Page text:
The 8th edition of the MLA style manual endeavors to be highly streamlined. Any piece of information that assists readers to easily locate a source should be included in citations, yet without unnecessary or distracting details. Listed below are some optional items for inclusion in a citation at the discretion of the writer.
Original Date of Publication:
Where sources have more than one publication date, it is permissible to include both if that information is helpful or necessary for the reader.
Sedgwick, Leonard. Love Potions. 1975. Brooke-Mills, 2001.
Cities where Works were Published
It was a requirement in the 7th edition of the MLA handbook to include the city where the publisher or publishing company is/was based. However, the 8th edition says this is needed only in certain cases, for example, for works published prior to 1900. Since works before this date were generally associated with their city of publication, you may replace the name of the city with the name of the publisher.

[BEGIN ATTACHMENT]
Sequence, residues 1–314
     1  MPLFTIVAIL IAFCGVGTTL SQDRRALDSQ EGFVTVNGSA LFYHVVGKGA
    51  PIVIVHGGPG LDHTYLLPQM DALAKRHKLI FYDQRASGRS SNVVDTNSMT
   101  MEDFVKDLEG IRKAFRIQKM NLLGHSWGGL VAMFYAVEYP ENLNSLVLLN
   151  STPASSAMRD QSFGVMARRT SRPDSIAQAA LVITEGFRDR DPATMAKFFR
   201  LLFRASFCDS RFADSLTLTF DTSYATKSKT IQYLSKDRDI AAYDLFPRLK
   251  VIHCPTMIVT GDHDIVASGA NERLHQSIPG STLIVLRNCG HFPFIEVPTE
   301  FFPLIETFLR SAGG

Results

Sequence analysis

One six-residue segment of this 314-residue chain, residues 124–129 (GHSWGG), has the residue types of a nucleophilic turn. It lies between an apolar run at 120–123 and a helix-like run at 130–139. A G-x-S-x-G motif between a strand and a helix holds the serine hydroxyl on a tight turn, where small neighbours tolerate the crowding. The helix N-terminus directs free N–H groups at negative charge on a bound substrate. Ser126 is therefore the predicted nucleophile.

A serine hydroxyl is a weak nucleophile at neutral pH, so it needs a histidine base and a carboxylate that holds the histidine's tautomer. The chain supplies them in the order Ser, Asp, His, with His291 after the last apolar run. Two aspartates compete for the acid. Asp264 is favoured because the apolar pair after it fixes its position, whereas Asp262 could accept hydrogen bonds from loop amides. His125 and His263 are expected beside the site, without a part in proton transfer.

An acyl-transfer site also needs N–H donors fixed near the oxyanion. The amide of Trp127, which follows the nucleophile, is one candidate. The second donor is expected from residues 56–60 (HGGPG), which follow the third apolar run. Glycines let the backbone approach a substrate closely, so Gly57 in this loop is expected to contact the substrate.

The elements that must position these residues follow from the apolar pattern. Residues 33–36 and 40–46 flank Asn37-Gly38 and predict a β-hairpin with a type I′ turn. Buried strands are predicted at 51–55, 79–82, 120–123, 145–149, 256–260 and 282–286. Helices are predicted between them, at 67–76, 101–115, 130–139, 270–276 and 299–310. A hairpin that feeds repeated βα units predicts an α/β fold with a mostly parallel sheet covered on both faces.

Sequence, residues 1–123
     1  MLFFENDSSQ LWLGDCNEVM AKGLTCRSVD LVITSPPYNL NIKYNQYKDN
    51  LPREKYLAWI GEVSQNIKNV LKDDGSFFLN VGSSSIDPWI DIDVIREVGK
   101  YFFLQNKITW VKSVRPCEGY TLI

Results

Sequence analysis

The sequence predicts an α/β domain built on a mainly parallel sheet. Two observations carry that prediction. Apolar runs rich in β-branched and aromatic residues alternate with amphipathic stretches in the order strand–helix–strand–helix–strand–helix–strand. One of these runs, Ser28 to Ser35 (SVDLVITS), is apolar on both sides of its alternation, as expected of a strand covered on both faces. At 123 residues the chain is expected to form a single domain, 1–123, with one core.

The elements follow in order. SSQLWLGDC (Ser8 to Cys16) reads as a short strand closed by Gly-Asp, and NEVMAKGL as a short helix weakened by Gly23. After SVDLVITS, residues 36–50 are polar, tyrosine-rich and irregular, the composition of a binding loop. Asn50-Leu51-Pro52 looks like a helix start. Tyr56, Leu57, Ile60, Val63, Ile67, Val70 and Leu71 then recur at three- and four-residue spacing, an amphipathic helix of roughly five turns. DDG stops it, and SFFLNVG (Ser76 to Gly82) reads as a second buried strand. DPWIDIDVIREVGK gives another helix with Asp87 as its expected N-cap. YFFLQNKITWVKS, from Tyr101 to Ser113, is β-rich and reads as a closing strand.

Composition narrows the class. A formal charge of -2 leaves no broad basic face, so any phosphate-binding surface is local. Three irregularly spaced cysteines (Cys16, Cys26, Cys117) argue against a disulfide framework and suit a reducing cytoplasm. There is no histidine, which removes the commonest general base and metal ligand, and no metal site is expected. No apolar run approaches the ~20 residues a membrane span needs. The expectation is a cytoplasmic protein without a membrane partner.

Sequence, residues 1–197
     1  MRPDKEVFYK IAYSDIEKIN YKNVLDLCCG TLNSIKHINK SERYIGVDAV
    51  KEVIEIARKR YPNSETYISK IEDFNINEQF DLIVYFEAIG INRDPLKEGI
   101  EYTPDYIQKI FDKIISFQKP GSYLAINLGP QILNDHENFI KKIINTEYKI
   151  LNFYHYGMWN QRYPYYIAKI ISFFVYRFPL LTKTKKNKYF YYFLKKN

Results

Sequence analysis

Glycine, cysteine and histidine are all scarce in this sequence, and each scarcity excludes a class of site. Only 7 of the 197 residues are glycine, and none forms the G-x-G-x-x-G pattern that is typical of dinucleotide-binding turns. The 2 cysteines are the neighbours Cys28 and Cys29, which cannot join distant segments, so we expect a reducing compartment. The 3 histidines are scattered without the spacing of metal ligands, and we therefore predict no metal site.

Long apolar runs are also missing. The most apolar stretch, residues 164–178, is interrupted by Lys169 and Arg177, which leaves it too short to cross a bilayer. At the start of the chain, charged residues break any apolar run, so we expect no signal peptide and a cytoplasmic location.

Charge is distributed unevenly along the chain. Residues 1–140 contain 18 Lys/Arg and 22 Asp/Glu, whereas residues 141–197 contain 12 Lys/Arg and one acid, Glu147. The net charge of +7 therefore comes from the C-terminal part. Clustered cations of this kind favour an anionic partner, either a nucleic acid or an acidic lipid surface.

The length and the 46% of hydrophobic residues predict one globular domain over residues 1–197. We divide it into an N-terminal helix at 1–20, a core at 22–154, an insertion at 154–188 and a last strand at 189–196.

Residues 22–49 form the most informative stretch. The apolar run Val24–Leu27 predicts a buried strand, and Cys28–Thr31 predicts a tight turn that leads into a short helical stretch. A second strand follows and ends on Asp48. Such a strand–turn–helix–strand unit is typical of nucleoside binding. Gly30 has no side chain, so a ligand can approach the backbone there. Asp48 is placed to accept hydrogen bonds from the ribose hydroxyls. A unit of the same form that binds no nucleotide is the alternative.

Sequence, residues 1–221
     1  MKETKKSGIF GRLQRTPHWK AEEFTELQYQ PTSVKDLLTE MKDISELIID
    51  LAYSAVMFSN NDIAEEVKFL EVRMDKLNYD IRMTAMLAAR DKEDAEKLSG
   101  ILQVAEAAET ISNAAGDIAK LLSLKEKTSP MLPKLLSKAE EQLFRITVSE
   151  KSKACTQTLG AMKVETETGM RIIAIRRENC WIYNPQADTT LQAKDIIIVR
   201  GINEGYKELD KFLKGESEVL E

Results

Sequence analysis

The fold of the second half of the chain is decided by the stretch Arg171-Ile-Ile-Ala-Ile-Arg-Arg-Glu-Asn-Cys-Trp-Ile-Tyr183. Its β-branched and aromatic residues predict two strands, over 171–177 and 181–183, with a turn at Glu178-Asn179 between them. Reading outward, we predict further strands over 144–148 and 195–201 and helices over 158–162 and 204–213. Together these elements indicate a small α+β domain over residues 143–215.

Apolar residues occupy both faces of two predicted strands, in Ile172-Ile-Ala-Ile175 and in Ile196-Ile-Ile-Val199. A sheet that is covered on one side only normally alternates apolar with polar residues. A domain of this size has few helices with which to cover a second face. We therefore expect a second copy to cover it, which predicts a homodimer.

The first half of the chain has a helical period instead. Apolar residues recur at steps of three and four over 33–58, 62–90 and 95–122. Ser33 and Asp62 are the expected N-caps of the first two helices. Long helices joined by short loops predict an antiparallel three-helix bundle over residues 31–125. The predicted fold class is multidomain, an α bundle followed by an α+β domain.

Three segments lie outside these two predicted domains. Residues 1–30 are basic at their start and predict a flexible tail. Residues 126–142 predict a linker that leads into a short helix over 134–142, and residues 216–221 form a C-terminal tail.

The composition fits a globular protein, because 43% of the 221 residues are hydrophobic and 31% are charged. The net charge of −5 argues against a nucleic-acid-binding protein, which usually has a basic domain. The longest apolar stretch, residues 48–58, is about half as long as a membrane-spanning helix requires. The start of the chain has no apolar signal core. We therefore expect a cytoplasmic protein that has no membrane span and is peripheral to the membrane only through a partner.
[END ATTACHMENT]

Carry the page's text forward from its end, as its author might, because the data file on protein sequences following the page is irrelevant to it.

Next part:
Williams, Alan James. Exciting Places. New York, 1974.
It is recommended in the MLA style handbook that access dates are included when citing online sources. This means the date the writer accesses the online material since such works are often subject to change or relocation.
Benoit, Pierre. “Ten Great Writing Tips.” A Writer’s Guide: For Website Creators, 28 Oct. 2012, writersguide.com/article/writingtips. Accessed 8 May 2013.
Including URLs in Citations
As previously mentioned, although the 8th edition handbook recommends the inclusion of URLs when citing online materials, it is always best to check with your tutor or publisher if they require URLs.
Including Digital Object Identifiers (DOIs) in Citations
DOIs are comprised of a number of letters and digits that take readers to an online source’s location. Journal articles are frequently given a DOI to make the source easy to locate, even if the source’s URL alters. If any source you are using has a DOI, use it rather than the URL.
Bianchi, Benedict, and Juan Castello. “Identifying Water Toxins.” Environmental Health, vol. 19, no. 3, 8 Mar. 2012, pp. 81-89. Walters Electronic Library, doi: 10.1103/tox.30245.